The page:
Tri-coloured decks scared me. I was so nervous going into building this deck at first that I actually put it off for a long time – I basically didn’t know if I was getting the land base right. Khans of Tarkir thankfully printed taplands that made the process somewhat easier – playsets of all three types to ensure I had the colours I’d need, along with the triple tapland Mystic Monastery that was essentially the Jeskai home land.

The deck is actually super fun for a theme person such as myself, because it has a lot of emphasis on warrior-monks that I really adore. Of course, this meant that my first iteration of the deck featured a whole host of awesome creature cards that made Prowess almost impossible to benefit from, as I was casting creatures and not non-creatures (Prowess doesn’t count land unfortunately!) So that needed some alterations, right there! Another problem with the abundance of creatures was the fact I also included Narset Transcendant in the deck.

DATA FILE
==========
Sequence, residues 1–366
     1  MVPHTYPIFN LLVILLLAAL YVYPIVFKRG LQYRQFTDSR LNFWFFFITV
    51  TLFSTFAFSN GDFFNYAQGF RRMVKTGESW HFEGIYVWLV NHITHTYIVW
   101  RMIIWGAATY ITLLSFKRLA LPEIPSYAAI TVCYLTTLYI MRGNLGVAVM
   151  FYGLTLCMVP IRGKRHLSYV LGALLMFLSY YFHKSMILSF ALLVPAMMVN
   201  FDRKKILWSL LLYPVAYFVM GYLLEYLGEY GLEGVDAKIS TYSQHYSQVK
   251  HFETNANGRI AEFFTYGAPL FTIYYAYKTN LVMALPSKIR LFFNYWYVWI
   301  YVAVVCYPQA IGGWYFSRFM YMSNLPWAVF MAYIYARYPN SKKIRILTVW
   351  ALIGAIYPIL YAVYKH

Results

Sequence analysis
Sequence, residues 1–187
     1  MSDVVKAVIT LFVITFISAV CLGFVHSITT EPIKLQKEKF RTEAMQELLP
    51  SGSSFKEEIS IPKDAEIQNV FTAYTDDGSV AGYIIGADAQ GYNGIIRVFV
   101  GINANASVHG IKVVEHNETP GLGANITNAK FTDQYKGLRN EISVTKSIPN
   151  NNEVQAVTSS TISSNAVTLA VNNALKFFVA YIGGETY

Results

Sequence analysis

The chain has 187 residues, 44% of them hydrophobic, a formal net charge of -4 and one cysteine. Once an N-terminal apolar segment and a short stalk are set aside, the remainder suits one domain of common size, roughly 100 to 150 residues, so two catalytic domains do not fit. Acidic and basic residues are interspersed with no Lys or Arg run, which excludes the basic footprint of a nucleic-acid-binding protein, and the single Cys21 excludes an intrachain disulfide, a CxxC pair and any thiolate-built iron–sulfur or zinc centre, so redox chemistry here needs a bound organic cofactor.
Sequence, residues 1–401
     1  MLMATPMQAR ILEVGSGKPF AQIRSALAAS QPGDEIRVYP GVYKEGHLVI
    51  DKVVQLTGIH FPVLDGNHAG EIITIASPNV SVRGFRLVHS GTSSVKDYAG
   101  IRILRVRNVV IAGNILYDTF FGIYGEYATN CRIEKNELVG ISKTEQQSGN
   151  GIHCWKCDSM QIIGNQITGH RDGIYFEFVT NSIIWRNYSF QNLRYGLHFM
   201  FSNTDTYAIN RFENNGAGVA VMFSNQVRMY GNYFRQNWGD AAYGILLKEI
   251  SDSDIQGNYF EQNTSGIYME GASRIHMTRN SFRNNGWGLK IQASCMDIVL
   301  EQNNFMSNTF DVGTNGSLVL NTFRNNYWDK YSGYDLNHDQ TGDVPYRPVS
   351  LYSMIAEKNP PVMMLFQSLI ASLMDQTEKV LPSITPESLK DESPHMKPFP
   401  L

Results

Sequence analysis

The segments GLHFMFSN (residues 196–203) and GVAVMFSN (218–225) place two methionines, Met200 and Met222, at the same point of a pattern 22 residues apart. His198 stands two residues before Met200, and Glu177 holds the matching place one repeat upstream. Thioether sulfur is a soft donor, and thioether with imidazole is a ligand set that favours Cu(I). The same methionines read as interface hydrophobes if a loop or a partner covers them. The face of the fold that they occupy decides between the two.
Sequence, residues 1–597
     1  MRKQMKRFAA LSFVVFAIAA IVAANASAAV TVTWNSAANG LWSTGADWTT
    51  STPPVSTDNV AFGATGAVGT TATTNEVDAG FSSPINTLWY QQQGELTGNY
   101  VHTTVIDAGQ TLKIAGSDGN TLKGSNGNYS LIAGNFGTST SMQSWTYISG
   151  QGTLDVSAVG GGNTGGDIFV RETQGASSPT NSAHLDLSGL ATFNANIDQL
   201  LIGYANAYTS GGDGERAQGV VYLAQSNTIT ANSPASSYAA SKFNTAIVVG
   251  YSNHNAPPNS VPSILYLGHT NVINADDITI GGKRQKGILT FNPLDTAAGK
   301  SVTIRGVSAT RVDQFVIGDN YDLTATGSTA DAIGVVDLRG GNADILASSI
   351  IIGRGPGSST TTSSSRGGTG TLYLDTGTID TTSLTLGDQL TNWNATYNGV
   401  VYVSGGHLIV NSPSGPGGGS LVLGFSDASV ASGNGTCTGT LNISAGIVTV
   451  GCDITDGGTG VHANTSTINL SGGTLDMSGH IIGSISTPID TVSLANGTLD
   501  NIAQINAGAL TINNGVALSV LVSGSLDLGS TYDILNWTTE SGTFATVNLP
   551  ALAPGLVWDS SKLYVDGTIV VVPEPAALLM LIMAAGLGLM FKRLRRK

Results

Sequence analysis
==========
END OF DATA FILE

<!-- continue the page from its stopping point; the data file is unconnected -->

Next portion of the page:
Narset Transcendant

Now, I’m not the biggest fan of Planeswalkers. I know a lot of people like them, and I’ve heard of people hinging a collection around them, but I dislike the over-complication they bring. I’ve mentioned before that I like Magic because it’s such a clear-cut game, where you’re summoning creatures and casting spells to beat down your opponent – with Planeswalkers in the mix, it’s almost like they’re a special character in this mix, and it just feels like an interloper rather than anything else (to me, at least). However, I’m also a huge fan of theme, so I simply had to include Narset in the deck for that reason alone. Her ultimate ability is also pretty amazing when it goes off. To get it off, of course, you have to reveal the top card of your deck and, if it’s a land or creature, you discard it. Given my concern over the mana base in a three-colour deck, this is often too much hassle for me to risk!